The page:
Excedrin set to return after 10-month hiatus

John Milligan

For migraine sufferers, the pain is almost over. After a 10-month absence from stores, Excedrin Migraine is making its way back to shelves.

The Excedrin brand was voluntarily recalled back in January by manufacturer Novartis after stray and cracked tablets were found in some Excedrin bottles. Through cooperation with the FDA, Novartis shut down its Lincoln, Neb. manufacturing plant to assess the problem.

Now that the problem is resolved, Excedrin Migraine is set to ship to stores Oct. 15, with Excedrin Extra Strength due out at the beginning of next year.

Adrian Bocciarelli, pharmacist at Wal-Mart on Route 59, said he didn’t realize how much people missed the over-the-counter headache medication.

“I was surprised how many people are using Excedrin,” Bocciarelli said. “It’s one of those things where you really don’t know how many people use it until it’s gone and they’re asking for it.”

The Excedrin brand certainly has its share of followers. The headache medicine’s official Facebook page has nearly 290,000 “Likes” in the past year and a half alone, proving brand loyalty carries a lot of weight.

But Bocciarelli said, even though drug recalls occasionally happen, Excedrin’s abrupt marketplace disappearance left many scrambling for a substitute. So for those who haven’t been dipping into a bunker filled with a ten-month supply of Excedrin, there are alternatives to help cope with migraines and chronic pain.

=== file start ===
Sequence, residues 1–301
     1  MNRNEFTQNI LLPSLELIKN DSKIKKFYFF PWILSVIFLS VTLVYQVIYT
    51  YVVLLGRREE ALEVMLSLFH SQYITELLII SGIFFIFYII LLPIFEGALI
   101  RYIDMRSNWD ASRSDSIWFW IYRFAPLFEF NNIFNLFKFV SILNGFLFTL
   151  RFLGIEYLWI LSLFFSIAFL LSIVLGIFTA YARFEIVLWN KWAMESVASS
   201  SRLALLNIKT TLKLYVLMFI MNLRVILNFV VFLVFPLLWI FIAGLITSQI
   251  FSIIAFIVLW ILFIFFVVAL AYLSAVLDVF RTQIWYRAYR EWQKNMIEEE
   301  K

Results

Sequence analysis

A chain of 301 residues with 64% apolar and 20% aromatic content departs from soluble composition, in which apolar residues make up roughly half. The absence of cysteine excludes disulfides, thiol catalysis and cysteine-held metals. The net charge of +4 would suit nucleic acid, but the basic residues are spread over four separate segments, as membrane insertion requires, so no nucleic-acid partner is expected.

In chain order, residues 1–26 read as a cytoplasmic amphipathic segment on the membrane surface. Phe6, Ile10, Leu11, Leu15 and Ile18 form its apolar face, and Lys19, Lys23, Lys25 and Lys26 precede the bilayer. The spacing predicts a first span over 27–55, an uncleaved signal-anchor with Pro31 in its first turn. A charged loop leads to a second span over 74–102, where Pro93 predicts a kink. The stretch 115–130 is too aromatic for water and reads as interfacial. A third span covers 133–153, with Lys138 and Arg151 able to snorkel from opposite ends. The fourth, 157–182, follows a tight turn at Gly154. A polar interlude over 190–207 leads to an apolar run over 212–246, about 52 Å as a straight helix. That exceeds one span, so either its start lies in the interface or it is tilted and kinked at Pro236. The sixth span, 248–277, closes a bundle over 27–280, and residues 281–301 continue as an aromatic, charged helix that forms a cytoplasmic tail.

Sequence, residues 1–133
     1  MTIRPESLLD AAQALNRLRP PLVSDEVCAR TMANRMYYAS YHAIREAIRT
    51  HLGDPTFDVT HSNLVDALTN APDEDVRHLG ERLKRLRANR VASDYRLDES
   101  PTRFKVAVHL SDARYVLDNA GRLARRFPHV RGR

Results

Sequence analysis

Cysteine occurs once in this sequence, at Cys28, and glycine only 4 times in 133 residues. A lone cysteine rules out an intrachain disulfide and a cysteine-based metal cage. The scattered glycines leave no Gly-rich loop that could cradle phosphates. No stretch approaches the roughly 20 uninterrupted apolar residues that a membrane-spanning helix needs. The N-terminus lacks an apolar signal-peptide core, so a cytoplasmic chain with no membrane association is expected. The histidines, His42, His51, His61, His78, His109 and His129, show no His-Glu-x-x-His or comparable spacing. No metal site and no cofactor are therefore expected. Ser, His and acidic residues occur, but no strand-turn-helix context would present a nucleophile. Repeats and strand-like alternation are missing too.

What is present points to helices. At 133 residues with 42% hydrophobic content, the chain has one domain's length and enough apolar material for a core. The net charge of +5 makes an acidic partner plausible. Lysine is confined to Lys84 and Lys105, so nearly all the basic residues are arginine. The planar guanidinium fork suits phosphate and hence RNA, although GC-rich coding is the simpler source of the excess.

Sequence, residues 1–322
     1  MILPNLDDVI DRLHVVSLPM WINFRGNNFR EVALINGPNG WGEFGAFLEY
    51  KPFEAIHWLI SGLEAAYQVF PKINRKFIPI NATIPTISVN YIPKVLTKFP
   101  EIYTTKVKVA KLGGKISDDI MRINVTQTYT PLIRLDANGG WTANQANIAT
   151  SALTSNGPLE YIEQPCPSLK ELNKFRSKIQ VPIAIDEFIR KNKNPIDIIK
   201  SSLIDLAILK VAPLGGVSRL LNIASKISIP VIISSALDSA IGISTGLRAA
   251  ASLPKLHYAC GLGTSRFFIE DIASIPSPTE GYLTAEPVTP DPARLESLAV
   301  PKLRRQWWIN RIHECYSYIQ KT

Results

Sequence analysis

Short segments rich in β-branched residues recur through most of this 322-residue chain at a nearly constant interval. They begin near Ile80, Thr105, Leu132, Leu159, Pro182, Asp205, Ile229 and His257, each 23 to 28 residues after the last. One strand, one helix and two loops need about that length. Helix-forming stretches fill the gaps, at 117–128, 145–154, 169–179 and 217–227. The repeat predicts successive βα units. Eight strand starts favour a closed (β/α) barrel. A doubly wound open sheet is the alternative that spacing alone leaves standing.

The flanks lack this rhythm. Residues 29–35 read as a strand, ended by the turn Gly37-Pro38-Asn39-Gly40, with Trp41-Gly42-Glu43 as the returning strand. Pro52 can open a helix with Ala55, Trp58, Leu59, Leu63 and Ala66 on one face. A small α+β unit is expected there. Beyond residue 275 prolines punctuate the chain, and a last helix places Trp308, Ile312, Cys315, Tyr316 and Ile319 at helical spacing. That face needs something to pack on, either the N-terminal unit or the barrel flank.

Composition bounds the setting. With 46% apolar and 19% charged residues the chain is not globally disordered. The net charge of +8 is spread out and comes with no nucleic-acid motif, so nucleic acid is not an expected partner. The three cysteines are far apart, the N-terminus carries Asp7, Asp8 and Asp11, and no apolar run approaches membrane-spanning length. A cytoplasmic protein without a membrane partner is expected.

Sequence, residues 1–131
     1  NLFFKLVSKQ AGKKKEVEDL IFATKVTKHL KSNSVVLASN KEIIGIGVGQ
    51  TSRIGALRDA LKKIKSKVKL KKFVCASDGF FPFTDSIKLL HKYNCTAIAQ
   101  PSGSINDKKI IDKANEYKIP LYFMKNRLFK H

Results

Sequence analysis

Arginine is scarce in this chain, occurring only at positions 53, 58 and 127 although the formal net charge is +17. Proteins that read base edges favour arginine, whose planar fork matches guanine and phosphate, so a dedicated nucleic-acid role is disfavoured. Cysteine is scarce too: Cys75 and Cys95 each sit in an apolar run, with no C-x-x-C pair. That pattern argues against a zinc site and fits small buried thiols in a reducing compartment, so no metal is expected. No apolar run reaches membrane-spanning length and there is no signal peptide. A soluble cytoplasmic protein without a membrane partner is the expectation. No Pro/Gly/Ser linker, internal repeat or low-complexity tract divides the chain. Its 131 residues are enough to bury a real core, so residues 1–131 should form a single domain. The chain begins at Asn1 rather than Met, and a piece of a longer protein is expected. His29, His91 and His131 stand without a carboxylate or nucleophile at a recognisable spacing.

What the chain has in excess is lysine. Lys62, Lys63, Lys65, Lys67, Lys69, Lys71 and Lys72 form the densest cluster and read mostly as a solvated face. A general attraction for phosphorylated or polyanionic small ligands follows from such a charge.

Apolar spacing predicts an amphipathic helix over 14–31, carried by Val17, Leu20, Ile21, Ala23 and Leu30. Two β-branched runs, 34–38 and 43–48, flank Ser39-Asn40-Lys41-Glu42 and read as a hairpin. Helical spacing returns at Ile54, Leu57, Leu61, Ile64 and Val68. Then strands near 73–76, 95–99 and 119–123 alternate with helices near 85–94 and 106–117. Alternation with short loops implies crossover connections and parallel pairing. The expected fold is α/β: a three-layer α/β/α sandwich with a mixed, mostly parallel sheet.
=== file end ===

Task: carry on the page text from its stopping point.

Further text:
Brian Basco, pharmacist at Drug Mart on Route 59, said Excedrin isn’t the only name in headache relief — several generic medications boast the same active ingredients as the brand-name pain reliever.

“People have been looking for brand name Excedrin for a while,” Basco said. “The problem is, we actually have a generic store brand but people aren’t familiar with the ingredients.

“It’s a combination of acetaminophen, which is the active ingredient in Tylenol, as well as aspirin and caffeine. So they don’t know exactly what to look for, but there are generic options available if they are interested in getting a similar product.”

Kent State’s DeWeese Health Center stocks one such generic substitute. Chief Pharmacist Jim Hostler said he thinks the acetaminophen/aspirin/caffeine combination works a little better than regular pain killers, but the health center wasn’t affected by the recall because it stocks several generic brands.

But for some, extolling the benefits of buying generic substitutes (lower cost and availability to name a few) over a trusted brand name is akin to suggesting die-hard Coke fans buy generic cola — It’s just not the same.

“I tried the alternative generic brands and they just don’t work. I know it’s supposed to be the ‘same ingredients’ but my body and head says differently,” wrote Suhammad Salman in a post on Excedrin’s Facebook page. “Thank God I found an old bottle in my parents’ cabinet, or I would have been a lot more angry, recall or not it works. Get this back in already!”

Contact John Milligan at [email protected].